So I went and did it. Even though I said that I would only go with one system this console generation, I ended up getting each of the big three’s consoles (PS4, Wii U and Xbox One) Each system has it’s selling points, usually games that are only for that system or has a link to an older version on the previous console. With the Xbox One, it wasn’t so much Halo 5, but the fact that all previous DLC for Rock Band are transferable to Rock Band 4. I have a ton of those. So I got the XB1 without the Kinect.
I’ve had played on the XB1 before. When I was working abroad, I had the chance to log into one and play some games. Like PS4, your account from the previous console (in this case, the Xbox Live account) is transferable. You keep your Gamer score, Gamer tag and even your Avatar. You can create a new profile picture with your Avatar, and customize it with the Avatar items you bought/earned. Unfortunately, the Avatar shop has yet to make it into XB1.
The interface is not so different from the 360. Because Microsoft was so hell-bent on getting everybody to use the Kinect, it is similar to the Windows 8/ Windows Metro GUI. I don’t have one for my XB1, but I did have it for the 360 so I assume it works in a similar fashion. The interface is divided into 5 sections: Pins, where you can pin shortcuts to your favorite apps, much like in Windows 8; Home, where you launch your games and apps from; Friends, where you see your Xbox friends, who’s online, what everyone’s been playing and who ahead in their Gamer Score; What’s One; showcasing Xbox media videos, popular Xbox Twitch broadcasts and the popular movies on the Xbox Video service, and Store, where you buy games, add-ons, movies & TV apps, etc.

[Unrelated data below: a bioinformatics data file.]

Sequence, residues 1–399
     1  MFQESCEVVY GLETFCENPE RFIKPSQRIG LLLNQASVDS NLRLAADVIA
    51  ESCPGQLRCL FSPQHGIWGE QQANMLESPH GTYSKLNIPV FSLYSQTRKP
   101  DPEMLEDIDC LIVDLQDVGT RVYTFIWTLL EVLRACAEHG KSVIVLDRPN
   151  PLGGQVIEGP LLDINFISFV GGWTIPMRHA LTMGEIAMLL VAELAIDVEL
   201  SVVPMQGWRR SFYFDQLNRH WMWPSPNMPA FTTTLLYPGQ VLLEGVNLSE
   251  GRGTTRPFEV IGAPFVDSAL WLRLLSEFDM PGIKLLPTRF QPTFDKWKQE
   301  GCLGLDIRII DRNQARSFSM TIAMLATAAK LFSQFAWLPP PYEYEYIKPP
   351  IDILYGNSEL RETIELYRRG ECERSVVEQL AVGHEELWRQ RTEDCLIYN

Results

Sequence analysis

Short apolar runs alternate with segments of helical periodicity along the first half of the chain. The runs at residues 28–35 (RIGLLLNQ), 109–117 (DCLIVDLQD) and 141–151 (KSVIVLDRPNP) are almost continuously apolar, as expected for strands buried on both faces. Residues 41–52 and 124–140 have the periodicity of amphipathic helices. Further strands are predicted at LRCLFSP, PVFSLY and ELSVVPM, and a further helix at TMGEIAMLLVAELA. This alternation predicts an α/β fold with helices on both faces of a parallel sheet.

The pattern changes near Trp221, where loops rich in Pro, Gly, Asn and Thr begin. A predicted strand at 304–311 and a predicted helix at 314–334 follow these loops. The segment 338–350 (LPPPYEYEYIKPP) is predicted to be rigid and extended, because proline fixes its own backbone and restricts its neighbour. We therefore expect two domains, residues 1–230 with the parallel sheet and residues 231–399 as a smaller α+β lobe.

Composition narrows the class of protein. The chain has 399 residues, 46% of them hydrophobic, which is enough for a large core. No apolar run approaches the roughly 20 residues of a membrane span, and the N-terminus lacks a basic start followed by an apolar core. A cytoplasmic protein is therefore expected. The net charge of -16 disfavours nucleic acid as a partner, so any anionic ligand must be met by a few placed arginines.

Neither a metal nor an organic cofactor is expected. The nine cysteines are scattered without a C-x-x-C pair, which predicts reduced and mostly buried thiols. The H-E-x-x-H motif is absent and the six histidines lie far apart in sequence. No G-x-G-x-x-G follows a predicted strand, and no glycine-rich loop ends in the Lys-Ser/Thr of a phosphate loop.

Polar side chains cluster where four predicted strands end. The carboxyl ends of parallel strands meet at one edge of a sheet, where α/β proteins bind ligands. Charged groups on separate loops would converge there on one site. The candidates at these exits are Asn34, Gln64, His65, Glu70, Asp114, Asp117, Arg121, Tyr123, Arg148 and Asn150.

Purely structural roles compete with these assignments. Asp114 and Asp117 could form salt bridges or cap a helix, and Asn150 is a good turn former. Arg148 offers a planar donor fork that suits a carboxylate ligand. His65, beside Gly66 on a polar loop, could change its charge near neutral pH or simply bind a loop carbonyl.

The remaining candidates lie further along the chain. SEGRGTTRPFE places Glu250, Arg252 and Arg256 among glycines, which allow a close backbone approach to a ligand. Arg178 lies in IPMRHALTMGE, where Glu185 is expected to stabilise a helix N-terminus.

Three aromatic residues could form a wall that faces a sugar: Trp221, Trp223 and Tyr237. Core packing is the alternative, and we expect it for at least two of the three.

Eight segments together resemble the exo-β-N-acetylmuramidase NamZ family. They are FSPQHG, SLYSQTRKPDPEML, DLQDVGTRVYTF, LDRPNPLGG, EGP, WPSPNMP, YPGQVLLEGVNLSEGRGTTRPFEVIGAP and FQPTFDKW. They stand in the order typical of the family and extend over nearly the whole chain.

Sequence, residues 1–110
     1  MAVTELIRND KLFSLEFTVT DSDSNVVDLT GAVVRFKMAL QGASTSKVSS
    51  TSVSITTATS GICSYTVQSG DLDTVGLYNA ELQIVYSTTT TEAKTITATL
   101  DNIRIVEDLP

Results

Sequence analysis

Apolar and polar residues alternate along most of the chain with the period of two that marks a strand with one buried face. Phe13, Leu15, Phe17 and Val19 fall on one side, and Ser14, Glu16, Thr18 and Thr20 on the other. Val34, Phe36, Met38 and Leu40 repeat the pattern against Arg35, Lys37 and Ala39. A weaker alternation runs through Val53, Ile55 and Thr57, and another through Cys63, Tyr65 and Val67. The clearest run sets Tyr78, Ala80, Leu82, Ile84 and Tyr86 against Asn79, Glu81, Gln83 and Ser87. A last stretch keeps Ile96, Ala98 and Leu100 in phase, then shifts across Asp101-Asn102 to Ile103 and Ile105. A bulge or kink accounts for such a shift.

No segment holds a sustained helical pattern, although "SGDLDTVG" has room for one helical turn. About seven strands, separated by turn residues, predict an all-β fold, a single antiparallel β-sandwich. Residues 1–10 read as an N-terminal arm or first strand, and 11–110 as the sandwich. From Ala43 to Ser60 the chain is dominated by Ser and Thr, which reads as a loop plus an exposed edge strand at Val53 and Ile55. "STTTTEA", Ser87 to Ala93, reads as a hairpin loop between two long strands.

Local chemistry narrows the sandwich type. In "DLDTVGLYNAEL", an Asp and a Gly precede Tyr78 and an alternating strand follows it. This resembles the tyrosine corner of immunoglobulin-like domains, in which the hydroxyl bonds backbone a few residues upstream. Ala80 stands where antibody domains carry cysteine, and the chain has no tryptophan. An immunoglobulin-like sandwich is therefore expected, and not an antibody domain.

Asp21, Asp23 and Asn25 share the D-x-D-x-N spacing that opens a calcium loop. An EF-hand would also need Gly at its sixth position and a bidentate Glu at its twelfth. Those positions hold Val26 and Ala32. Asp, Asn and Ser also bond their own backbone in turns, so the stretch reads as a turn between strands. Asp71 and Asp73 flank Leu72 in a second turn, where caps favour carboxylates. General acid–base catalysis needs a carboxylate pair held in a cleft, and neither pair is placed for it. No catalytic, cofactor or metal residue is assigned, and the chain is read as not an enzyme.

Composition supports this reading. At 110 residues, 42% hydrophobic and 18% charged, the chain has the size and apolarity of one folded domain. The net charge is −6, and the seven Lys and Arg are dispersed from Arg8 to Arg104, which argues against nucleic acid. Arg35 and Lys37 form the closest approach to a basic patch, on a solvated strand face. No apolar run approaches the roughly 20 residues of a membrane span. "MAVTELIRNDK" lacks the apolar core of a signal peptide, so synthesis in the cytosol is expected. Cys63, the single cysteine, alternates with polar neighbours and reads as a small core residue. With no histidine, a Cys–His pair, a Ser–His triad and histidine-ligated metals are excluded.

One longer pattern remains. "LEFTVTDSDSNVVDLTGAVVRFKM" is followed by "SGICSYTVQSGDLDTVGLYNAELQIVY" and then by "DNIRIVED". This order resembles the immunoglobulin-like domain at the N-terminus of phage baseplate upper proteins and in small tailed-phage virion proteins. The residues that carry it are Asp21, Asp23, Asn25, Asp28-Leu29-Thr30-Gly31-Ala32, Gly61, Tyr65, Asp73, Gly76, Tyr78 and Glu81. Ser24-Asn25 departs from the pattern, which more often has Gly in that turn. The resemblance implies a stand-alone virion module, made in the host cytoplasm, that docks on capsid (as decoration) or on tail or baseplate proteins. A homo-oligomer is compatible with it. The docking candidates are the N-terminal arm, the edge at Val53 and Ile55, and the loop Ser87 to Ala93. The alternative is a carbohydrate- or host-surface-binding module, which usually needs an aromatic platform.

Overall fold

It is the games that make the console in the end and the XB1 has it fair share. I’ve played NBA2K15, Shadow over Mordor, Warrior’s Orochi and Halo: The Master Chief Collection and they all look great. Microsoft has the support of all the major third-party companies and will have some exclusives, like the next Tomb Raider game. With Halo 5 out next month and Gears of War getting re-released, there sure to be some old favorite returning to the XB1.
Now, I do have an issue with the fact your games are installed to the hard drive. Back when the system was first announced, they touted that you could take your games to a friends XB1 through your Live account, provided your friend had the internet speed and bandwidth to download a 22 GB game in the time you are there. They also promised Game Sharing, in which you could link up to 10 Live accounts to your copy of the game.. But this would mean you could trade in XB1 games and the public didn’t like that. So Microsoft remove that feature, but the installation of the game remains.